Negative film is not tasked with having to display the recorded image. To do so, the negative must be directly printed onto positive print film or, for releasing large numbers of prints, go through the intermediate photochemical processes of creating an interpositive (IP) and then mulitple internegatives (INs). A check print is made from the IN, and then the images found on the original camera negative finally can be displayed. Print film does not reproduce everything that was recorded on the negative. “The purpose of the negative is to capture a virtual scene,” says Kodak image scientist Douglas Walker, “but there is no practical way to reproduce those same luminance ratios. A scene can have a dynamic range of 100,000:1 or 1,000,000:1, and it would be cost-prohibitive to try to reproduce that in every theater. So you need a way of creating a rendition of the scene that is convincing, yet more practical to re-create. The purpose of print film is to do just that.”

The sensitometric curve of print film is much steeper than that of negative film. Just compare gammas: .6 for negative vs. 2.6 or more for print. As a result, highlights and shadows compress in the toe and shoulder of the print stock, respectively (see diagram a, diagram b and diagram c). “This is kind of the ‘film look,’” says Technology Committee chair Curtis Clark, ASC, “which still has gradation in the shoulder and toe, whereas with video it just clips. That’s something I think we have grown accustomed to culturally and aesthetically as well — having that ability to see particularly in the highlights and shadows because there are vital nuances and details there.”

Indeed, the cinematographer can control how much the audience sees into the highlights and shadows by increasing or decreasing print density via printer lights. In one of the eccentricities of the photochemical chain, print film’s sensitometric curve is the inverse of the negative curve, where the shoulder contains shadows instead of highlights. To visualize the relationship of the two curves, you place the print curve on top of the negative curve and rotate the print curve 90 degrees. (This is known as a Jones diagram, named after its inventor, Lloyd Jones.) By adjusting a printer light during print film exposure, say green by +3 points, the negative’s curve slides by a fixed amount of +3x0.025 log exposure along the print curve, modulating the amount of light that hits the print film. The print film’s curve remains fixed. The vertical-density axis of the negative maps onto the horizontal log-exposure axis of the print. It is because of this that printer light changes are quantifiable and repeatable.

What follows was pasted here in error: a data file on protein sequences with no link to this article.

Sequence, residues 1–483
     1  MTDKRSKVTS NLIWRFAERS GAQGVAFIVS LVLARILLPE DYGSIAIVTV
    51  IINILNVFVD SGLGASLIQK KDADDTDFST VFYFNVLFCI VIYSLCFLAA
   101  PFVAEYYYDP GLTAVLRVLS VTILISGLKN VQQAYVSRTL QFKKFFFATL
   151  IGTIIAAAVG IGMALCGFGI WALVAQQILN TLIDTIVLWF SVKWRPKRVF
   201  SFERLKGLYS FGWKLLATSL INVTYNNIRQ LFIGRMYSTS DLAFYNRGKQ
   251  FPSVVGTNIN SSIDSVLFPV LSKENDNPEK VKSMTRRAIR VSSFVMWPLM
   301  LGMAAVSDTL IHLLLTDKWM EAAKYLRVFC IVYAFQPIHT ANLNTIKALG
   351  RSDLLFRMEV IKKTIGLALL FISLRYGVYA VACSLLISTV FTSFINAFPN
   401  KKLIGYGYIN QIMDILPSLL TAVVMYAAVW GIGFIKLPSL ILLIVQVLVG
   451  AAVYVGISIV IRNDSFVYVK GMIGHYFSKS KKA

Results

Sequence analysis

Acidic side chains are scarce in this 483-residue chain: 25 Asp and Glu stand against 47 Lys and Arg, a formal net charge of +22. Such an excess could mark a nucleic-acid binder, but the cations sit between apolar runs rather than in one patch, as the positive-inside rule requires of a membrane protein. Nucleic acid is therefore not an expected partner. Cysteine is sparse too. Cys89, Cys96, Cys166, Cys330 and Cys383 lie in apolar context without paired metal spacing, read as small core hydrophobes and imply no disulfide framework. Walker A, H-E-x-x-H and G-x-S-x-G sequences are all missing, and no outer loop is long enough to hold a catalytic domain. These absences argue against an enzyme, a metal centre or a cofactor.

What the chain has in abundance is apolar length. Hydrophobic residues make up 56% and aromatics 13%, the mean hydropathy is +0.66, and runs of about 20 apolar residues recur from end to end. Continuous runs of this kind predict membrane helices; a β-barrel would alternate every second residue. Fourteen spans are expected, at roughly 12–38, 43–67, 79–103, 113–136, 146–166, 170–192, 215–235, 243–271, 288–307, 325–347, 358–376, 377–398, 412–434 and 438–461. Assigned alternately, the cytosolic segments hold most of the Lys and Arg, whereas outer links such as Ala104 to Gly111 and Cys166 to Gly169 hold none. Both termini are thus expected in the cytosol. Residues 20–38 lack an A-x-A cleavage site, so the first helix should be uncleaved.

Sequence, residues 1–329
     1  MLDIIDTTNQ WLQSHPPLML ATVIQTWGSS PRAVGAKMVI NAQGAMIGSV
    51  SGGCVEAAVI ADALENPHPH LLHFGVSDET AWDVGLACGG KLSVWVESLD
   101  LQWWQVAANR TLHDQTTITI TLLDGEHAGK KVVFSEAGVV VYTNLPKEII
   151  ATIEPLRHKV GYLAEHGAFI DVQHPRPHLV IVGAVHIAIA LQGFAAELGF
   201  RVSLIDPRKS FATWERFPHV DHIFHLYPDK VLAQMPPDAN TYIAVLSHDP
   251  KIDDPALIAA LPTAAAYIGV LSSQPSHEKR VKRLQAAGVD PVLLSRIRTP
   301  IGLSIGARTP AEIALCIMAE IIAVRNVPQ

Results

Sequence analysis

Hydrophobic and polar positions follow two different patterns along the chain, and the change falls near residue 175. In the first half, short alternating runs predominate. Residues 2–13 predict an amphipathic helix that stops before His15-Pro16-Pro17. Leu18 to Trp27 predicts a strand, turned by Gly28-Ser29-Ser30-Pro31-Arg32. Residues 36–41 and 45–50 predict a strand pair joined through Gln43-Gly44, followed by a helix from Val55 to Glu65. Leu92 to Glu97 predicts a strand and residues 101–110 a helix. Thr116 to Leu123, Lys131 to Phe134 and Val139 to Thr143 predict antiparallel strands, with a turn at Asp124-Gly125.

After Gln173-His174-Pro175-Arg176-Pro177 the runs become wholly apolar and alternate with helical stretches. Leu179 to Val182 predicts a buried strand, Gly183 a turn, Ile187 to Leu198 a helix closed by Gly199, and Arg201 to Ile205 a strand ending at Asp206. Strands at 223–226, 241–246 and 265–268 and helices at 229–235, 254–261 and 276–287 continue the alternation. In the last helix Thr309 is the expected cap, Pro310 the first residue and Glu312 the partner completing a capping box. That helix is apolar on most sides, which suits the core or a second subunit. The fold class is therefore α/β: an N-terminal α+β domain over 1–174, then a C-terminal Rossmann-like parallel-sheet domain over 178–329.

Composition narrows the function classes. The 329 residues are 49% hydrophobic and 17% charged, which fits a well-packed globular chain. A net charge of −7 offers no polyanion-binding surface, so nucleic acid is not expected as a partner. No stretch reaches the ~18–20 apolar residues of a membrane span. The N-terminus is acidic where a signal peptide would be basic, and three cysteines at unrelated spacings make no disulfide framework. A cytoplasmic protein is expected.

The June 1931 issue of American Cinematographer contains a one-paragraph blurb about a new natural-color motion-picture process shown to England’s premier scientific body, the Royal Society of London, the same society that witnessed James Maxwell’s exhibition of the first color photograph. This motion-picture process used a film base imprinted with a matrix consisting of a half-million minute red, green and blue squares per inch of film. That sounds like a “pixellated” concept — about 40 years ahead of its time.

An image can be scanned and mathematically encoded into any number of lines both horizontally and vertically, and this is known as spatial resolution. Typically, there are more lines of resolution horizontally than vertically because a frame is wider than it is tall, meaning more information is found in a scan line from side to side than one from top to bottom. Each line is made up of individual pixels, and each pixel contains one red, one green and one blue component. Based on the encoded values for that pixel, the components will dictate what color the pixel will be along with the characteristics of the specific display device.